I also love the idea of feasting at the end of each week.  Such a beautiful reminder that in giving up, we get.  Where we surrender, we find our supply.  Where there is fasting, there will be feasting.  Our offerings are never enough, and yet in Him we always have abundance.

I need to get back to His heart, to the gospel.  I’m desperate for it.  It’s my only hope.  

I want to help teach my kids about breathing in His grace, to help them grasp the depths from which they’ve been pulled.  To rejoice in the resurrection.



So we enter lent.  

I’ll be using a combination of this Lenten devotional for kids, this reading by Noel Piper that can be used each week during Lent or each day during Holy Week, this Lent guide and devotional from the Village Church that has a great guide for fasting each week, and  Ann Voskamp’s 17 day lenten guide along with her free prints to make an Easter tree.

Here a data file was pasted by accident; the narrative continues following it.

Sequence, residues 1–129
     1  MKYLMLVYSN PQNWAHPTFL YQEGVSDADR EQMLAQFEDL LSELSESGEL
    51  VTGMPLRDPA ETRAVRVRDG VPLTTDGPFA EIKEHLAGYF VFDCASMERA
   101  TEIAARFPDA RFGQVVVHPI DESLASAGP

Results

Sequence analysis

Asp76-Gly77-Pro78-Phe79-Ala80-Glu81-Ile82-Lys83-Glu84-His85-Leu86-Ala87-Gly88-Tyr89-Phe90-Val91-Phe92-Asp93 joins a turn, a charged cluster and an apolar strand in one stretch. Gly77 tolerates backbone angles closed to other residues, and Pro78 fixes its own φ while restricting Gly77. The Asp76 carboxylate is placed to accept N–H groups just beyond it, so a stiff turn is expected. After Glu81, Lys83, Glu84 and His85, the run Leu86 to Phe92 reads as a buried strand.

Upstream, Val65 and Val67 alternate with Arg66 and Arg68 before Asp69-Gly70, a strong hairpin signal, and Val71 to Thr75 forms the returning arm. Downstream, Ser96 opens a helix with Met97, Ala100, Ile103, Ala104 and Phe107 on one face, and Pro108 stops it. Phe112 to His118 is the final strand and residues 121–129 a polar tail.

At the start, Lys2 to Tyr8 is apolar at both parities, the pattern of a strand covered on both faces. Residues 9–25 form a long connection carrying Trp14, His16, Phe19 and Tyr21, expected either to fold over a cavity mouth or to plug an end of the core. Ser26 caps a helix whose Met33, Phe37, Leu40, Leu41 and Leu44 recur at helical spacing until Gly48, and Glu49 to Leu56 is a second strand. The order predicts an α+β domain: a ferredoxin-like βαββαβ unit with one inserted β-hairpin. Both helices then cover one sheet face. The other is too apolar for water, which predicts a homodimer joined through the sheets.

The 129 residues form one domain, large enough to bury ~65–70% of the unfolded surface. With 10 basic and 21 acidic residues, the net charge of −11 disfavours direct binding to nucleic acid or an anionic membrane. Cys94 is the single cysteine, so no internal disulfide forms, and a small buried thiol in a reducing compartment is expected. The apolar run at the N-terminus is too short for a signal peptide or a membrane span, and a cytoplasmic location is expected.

Some of these will be for personal use, others for the family.  With the age range we have, it’s nice to mix and match and have something simpler for the little and something more meaty for the big.  I’m trying to not overcomplicate it, so it doesn’t seem like a burden.

Lent is a season of remembering, not a time to earn our way into God’s graces.  

I hope if you’re not familiar with lent, that these resources can be an insight into a tradition centuries old.  That you can spend this season in thought about what Christ has done for you.  How he was tested over and over, tried and found faultless.  The perfect sacrifice, which He willingly gave Himself up as.  He let himself hang on a cross to pay the punishment we deserve.  Then, three days later He conquered death, and our sin and rose victorious!  That as long as I accept Jesus, want Jesus, submit to Him as King, all of my sin is paid for.  I don’t need to get my act together to come to Him, or work for years to make myself better, in this moment, with all my weaknesses, failures, shortcomings, and dirtiness, He loves me.  Accepts me. “O to grace how great a debtor, daily I’m constrained to be!”

I hope in this season, you will once more be captivated with the gospel!